How a bilingual preschool is trying to close Memphis’ literacy gap

One late September morning at Su Casa Preschool, seven 4-year-olds sat cross-legged on their classroom’s reading rug, anxiously awaiting their turn to share what they had accomplished that morning.

When tossed a tennis ball signaling her turn during recall time, or “tiempo de recordar,” Citlali declared in English that she’d played with blocks. She passed the ball to Alli, who recounted in Spanish making lemonade in their classroom’s play kitchen.

As the other five students continued to reflect on their morning work time activities and worked on their English- and Spanish- speaking skills, their co-teachers, Amalia Perez and Priscilla Victor, took turns asking questions like “¿Qué más cocinaste?” (“What else did you cook?”) and “¿Qué construiste con bloques?” (“What did you build with the blocks?”)

It was a typical Monday morning at Su Casa Preschool, in Memphis’ Berclair-Highland Heights neighborhood. Here, teachers and leaders of the nonprofit aim to provide a quality early childhood education to predominantly Spanish-speaking immigrant children in northeast Memphis who are less likely to have access to such a program and are more likely to struggle academically.

Students play with toys in a Su Casa Preschool classroom on Sept. 28. Parents say the preschool has allowed their children to improve both their English and Spanish speaking skills. (Andrea Morales for Chalkbeat)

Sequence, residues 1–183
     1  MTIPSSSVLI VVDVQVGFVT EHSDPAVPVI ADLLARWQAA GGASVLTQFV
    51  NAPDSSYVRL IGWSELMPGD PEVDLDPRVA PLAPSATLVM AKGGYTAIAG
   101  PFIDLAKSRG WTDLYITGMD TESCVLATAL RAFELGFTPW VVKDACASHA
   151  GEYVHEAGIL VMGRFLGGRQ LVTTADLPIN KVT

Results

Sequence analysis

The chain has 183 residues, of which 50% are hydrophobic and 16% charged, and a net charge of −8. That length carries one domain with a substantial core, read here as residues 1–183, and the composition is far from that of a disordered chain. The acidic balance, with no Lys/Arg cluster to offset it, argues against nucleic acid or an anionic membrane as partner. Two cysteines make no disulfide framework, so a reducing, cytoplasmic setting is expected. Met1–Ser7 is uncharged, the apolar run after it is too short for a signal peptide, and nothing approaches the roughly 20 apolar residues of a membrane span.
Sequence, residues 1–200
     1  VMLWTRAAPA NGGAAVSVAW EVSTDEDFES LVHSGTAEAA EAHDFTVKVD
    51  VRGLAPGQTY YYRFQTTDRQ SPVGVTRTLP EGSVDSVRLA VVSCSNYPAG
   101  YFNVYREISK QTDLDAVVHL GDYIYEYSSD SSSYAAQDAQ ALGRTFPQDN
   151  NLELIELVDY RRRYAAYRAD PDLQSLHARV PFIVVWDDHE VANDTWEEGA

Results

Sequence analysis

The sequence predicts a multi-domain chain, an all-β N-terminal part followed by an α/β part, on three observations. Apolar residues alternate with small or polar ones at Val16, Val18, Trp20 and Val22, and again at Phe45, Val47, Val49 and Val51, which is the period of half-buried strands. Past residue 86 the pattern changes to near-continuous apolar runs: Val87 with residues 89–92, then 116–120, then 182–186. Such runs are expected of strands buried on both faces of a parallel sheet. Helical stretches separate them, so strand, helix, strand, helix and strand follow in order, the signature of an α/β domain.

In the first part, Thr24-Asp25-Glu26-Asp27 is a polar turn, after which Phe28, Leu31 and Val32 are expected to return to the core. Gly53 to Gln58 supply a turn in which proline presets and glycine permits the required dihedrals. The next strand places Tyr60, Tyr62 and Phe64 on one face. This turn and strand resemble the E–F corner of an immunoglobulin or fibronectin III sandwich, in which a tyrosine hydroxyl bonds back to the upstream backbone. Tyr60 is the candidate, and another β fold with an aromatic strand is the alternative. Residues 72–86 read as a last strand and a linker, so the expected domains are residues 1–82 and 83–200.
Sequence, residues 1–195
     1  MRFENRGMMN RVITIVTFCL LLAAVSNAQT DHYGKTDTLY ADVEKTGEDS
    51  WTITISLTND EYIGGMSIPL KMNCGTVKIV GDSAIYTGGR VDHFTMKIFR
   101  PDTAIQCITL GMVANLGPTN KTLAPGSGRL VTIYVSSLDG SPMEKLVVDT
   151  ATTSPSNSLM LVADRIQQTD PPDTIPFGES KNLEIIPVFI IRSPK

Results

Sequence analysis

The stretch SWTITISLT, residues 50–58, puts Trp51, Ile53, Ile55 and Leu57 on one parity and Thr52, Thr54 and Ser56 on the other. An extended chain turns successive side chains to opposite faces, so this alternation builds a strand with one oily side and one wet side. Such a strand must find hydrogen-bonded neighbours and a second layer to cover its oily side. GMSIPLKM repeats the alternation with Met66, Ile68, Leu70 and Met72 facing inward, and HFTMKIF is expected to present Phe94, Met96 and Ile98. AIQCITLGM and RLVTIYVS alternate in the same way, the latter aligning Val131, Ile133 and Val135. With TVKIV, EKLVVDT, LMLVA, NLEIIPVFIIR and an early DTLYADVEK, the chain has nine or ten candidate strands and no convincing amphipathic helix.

“We’ve got to start here, in early childhood, to build that foundation,” said Cherise Clark, the director of Su Casa Preschool. “We want to get to a place where we’re shipping off a great batch of kids to Kingsbury Elementary or to Treadwell Elementary … We just want to see our community blossom.”

Since launching with one class in 2016, the Christian bilingual preschool has expanded to four classrooms serving children ages 1-5, who attend two days a week. But as Memphis’ Hispanic community continues to grow, the organization has had to turn more interested families away.

Memphis’ Hispanic population has grown by 25,000 over the last decade, according to the most recent U.S. Census data. In total, Hispanics now make up just over 7% of the city’s population, and about 16% of Memphis-Shelby County Schools students. And the number of MSCS students whose first language is not English has increased to about 8,800, or 12% of all MSCS students. Statewide, Hispanics are the fastest growing demographic group in schools.